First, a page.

Prioritizing Your Quality Efforts

So, what do you do with the data that didn’t trigger any alarms? What do you do with the huge amount of data that falls within spec limits?
Your SPC system stores data in a centralized data repository. If it doesn’t, it should. Here’s why…
Intelligent aggregation can be performed when all your data are in one place. And when you aggregate large amounts of data across multiple lines or plants, you see the big quality picture. And that can drive strategies that can transform organizational performance.
SPC in Manufacturing 
Imagine rolling up and viewing all that data on a single screen. That screen highlights where your company has the greatest opportunities for improvement. You can now determine where to initiate improvement projects that could make the greatest positive impact on quality and costs.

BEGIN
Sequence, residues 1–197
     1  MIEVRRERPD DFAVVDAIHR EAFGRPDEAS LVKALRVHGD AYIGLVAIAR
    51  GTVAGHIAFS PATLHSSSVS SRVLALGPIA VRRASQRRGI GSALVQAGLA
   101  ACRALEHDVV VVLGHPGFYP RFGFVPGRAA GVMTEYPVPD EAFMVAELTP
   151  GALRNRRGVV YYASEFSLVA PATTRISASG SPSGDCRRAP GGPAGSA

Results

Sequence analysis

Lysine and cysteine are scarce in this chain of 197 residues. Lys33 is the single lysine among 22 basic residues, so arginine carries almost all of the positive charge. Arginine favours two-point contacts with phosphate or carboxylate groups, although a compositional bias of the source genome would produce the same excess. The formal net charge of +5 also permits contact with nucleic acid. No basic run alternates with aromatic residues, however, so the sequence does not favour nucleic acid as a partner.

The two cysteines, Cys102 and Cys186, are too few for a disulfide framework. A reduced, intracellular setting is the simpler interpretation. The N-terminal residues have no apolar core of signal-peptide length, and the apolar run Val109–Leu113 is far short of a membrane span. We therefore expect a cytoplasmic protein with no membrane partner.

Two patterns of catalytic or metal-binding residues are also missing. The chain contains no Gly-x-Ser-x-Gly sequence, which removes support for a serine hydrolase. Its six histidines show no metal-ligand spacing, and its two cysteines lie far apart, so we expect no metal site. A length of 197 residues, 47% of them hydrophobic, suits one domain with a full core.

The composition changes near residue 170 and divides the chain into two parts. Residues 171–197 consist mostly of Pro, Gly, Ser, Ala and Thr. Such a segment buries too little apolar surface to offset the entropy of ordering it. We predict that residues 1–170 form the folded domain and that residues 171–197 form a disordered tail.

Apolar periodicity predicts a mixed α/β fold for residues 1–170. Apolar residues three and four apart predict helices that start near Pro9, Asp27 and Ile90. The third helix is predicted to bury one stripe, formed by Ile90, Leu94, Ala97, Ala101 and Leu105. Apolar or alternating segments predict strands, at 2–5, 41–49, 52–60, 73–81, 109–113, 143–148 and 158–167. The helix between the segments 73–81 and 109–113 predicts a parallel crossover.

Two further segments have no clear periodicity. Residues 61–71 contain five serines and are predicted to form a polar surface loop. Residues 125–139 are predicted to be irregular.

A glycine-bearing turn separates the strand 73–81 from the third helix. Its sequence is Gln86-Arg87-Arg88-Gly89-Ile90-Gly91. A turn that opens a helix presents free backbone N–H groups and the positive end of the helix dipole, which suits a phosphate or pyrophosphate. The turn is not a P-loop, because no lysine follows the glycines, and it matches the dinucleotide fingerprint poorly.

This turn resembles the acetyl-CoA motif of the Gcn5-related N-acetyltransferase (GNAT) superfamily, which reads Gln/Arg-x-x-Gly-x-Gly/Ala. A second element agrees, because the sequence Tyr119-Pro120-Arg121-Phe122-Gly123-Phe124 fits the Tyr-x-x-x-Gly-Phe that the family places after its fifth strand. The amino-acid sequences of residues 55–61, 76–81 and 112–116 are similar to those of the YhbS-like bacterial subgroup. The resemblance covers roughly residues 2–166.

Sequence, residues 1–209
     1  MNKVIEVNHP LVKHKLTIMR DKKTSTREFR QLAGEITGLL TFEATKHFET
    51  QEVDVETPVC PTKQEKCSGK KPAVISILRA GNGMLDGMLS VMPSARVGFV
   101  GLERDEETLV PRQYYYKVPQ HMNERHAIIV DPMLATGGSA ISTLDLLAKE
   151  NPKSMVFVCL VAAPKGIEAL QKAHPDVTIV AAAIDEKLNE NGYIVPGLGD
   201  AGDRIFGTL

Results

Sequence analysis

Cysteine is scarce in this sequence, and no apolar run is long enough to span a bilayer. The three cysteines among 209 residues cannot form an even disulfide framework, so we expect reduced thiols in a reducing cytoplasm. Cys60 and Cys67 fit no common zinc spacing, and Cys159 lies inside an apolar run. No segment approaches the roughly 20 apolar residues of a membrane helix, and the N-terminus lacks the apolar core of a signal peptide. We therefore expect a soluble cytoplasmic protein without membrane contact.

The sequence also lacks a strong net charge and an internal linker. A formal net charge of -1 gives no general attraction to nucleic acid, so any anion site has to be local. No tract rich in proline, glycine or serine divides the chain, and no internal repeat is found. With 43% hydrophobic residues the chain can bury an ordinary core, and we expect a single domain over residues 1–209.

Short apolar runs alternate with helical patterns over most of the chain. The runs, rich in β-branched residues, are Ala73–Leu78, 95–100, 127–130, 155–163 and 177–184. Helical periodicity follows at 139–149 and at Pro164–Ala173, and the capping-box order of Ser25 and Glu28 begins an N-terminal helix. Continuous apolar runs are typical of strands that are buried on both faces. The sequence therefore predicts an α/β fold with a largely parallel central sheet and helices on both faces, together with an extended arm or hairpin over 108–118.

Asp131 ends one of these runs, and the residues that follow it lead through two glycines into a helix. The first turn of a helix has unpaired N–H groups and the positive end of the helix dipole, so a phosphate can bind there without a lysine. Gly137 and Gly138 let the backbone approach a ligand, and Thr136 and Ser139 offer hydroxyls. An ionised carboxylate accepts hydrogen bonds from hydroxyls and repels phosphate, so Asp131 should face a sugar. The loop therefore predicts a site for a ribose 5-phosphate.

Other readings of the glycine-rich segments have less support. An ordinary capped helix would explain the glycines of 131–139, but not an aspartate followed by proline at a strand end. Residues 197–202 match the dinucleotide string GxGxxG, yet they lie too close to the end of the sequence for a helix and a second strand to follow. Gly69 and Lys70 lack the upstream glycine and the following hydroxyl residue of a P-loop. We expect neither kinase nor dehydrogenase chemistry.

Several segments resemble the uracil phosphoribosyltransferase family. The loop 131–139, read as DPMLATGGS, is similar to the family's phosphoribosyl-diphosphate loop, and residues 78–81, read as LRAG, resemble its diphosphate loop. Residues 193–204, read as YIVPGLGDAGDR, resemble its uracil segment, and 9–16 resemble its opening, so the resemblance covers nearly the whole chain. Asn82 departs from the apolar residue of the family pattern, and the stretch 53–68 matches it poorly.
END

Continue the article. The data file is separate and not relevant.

Essentially, we’re talking about prioritizing your quality improvement efforts. We’re not talking about analyzing data that triggered alarms. Aggregating all your quality data—even the values that fall within specification limits—will enable you to pinpoint and prioritize where to deploy your scarce and valuable quality experts and resources to generate the biggest bang for your buck, as fast as possible. 
It’s a brave, new world.

Analyzing Your Data for Useful Information

Your Quality Professionals, Engineers, and Six Sigma teams are the analysts who extract data gold in the form of pertinent information from the big quality picture. The big quality picture does not provide the detailed information that can be acted upon; instead, it’s used for guidance and prioritization for where to focus improvement efforts.
SPC Analysis 
As adept as analysts are at extracting the details, they  first need to be directed to where opportunities for improvement lie. The prioritization you just performed, in which you aggregated all your data and identified the high priority items, is your map which highlights opportunities for improvement, and which defines where your analysis experts need to dig.
And let ‘em dig! You know your SPC solution can help them uncover gold hidden in your data. Their success means that you will know exactly where the issues lie, and how the most impactful improvements can benefit your operations.